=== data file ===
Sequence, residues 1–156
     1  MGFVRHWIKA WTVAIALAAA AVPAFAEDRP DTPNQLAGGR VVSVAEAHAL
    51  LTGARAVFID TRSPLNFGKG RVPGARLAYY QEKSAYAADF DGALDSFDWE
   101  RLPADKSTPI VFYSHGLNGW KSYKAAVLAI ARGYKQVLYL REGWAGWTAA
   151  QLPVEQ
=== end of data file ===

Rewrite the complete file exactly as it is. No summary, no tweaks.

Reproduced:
Sequence, residues 1–156
     1  MGFVRHWIKA WTVAIALAAA AVPAFAEDRP DTPNQLAGGR VVSVAEAHAL
    51  LTGARAVFID TRSPLNFGKG RVPGARLAYY QEKSAYAADF DGALDSFDWE
   101  RLPADKSTPI VFYSHGLNGW KSYKAAVLAI ARGYKQVLYL REGWAGWTAA
   151  QLPVEQ